Recovery Help Now | Married to a Workaholic: A Look on the Bright Side
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Married to a Workaholic: A Look on the Bright Side

This blog post was written by Amy Margolis, Registered MSW.

I married a workaholic. I knew when we were dating Hank was a workaholic. We were young and living in New York City. I was a starving social worker and actor when I met him and was so impressed with his MBA from Columbia and job at one of the Big Five Consulting Firms. Sure, I was lonely. We would spend Sundays with Hank at his laptop and me reading. I told myself the loneliness was grief over my recent ex, who had all the time in the world to play with me (and smoke pot every day, but that is a different blog). Anyway, four months before Hank and I got married, we landed in therapy to discuss his workaholism and my loneliness. The therapist told us the situation was workable and blessed us in going through with the wedding. That was 14 years ago.

It has not always been easy. Sometimes it has been damn hard, especially since having kids. On top of that, my brain automatically wants to look at what’s wrong: where he is lacking and what I am not getting. What helps me is to completely shift my attitude and look at what is right: Hank’s many good qualities and the strengths in our marriage. Here is my fun little gratitude list for being married to Hank, the workaholic…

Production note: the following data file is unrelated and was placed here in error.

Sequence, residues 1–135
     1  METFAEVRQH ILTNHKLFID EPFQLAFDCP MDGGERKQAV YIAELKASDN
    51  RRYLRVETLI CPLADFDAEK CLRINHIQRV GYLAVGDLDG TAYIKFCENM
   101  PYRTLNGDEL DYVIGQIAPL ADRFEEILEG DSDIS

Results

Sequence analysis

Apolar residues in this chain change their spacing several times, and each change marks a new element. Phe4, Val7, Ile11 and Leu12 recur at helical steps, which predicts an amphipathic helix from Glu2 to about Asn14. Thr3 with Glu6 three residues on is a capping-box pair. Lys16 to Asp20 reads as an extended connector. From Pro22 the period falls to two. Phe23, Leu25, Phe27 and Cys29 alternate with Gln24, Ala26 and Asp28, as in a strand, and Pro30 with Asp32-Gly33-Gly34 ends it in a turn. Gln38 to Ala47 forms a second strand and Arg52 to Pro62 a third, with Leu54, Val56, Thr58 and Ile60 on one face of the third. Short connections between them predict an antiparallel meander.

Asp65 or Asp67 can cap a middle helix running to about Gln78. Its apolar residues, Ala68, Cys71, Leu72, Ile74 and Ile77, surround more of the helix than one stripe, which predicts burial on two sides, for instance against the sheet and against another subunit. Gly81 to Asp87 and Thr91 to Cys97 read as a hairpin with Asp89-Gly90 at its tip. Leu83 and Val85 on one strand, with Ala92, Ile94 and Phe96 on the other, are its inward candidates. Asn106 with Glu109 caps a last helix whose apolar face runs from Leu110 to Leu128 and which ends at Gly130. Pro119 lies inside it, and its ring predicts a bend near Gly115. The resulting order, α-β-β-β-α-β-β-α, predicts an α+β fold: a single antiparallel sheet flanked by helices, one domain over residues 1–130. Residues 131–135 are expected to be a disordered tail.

1. He is the best kind of holic (he is not boozing it up or gambling with all our dough)

2. He is busy, which forces me to get out and pursue my own dreams and interests.

3. He is a good provider, loyal and dependable.

4. I only have to compete with electronics and not another chic.

5. He cleans up well and I am proud to take him to parties.

6. When he is not working he channels his laser focus into my to-dos around the house.

7. I always know where he is.

8. He gets a lot of frequent flyer miles and hotel discounts.

9. I run the show at home and the kids love me more.(KIDDING)

10. I don’t have to cook for him every night.

I grew up with an addict so I was never going to be attracted to “Mr. Available.” And while living with a workaholic can be lonely, I have grown and learned so much in my marriage. If the definition of a soul mate is “someone who causes you to become the best version of yourself,” then Hank is that for me.

Elana Clark-Faler
elana@recoveryhelpnow.com